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  • "
    Jimport wrote:
    I think it's the PEGI not the BBFC that rates games isn't it?

    The point about F1 is nonsense. Ban F1? Nobody is saying ban GTA, so the comparison doesn't work. The article is about very young children being exposed to sexually violent content.

    I've seen with my own eyes parents buy this game for a child who looked around 7 or 8 without even questioning what it was. This does come down to parental responsibility - allowing kids to be exposed to this kind of material should be taken extremely seriously.
    I'm not necessarily against exposing children to simulations of real life - as long as the parents can make them understand that what they're seeing is wrong, and why it's wrong. It's more to do with controlling how your child perceives the things they see than controlling what they see.

    Having said that - there is a limit I think. I was recently watching the film, The Girl With a Dragon Tattoo, on a recommendation, whilst my little 'un was pottering about. There are some quite graphic scenes of sexual violence portrayed that had me jump for the remote to switch it off.
    Excellent points. But to clarify, I specifically mean sexually graphic content. I think this material does more to alter a child's perception of the world, than the world can do to control the child's perception of the material. Technically it is quite a serious criminal offence to show a child explicit material. On that score, I would say you did well to reach for the remote!"
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Llanbradach headteacher’s warning after pupils as young as six act out drug and rape scenes from Grand Theft Auto

First published in News South Wales Argus: Photograph of the Author by

A HEADTEACHER has sent a letter to parents after becoming aware of “extremely concerning behaviour” of pupils, some as young as six, which he puts down to a violent video game.

Pupils at Coed-y-Brain Primary School, in Llanbradach, have been, according to head teacher Morian Morgan, “initiating games that involve simulating rape and sexual intercourse” and “having detailed discussion of drug use”.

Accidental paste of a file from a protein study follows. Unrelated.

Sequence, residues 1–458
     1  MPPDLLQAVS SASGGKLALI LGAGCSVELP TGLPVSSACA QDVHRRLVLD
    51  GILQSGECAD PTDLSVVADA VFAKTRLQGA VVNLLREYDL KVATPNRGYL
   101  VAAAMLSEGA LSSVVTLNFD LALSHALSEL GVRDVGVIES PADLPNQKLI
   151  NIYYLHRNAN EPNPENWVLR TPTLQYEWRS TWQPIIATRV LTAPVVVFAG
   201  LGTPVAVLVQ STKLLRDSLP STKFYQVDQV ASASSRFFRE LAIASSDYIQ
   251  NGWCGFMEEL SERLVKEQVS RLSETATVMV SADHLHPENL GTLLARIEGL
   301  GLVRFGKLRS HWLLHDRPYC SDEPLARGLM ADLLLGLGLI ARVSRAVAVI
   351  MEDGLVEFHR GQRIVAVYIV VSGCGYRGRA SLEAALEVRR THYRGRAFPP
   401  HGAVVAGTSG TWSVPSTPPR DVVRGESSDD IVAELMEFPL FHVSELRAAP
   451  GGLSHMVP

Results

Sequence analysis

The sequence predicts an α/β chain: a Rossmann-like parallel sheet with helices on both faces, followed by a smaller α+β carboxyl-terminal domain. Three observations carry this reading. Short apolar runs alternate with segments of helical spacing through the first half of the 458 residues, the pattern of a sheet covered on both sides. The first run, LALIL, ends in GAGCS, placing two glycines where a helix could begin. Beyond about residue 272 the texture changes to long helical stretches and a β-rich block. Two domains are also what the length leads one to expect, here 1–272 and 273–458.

Staff at the school discovered that the worrying behaviour was a result of children coming into contact with Grand Theft Auto, or GTA, which follows the dark underworld of America’s biggest cities.

Its latest instalment, Grand Theft Auto V, is thought to be one of the best-selling video games of all time, having sold more than 32 million copies worldwide.

It is certified for people over 18.

The letter to parents also said children were “acting out scenes from the game which include the strongest of sexual swear words”, “having conversations” about sexual acts and “play acting extremely violent games that sometimes result in actual injury”.

Mr Morgan said the letter was simply a way of making parents aware of this trend rather than criticising them for the children’s actions.

He said: “I sent out the letter with some trepidation but I’m pleased I sent it because all the comments, as far as I’m aware, have been very supportive.

“Until I went online and checked the content of this game, I thought it was just a bit of swearing and some shooting and I think some of the parents will tell you that they have been equally naive.

“But I must stress it’s not a matter of me condemning parents at all.”

Mr Morgan said staff approached some of the children to ask them where they had seen some of the behaviour.

He added: “We noticed it building up. It used to be when people watched TV programmes – we probably did it ourselves with cowboys and Indians.

“It became more concerning because this newest version (GTA V was released in September last year) seems to be even more shocking than the previous games.

“The youngest child showing this kind of behaviour was a six-year-old but that is unusual. It was very much a minority re-enacting these acts.”

Caerphilly council said it was a matter for the school to deal with internally.

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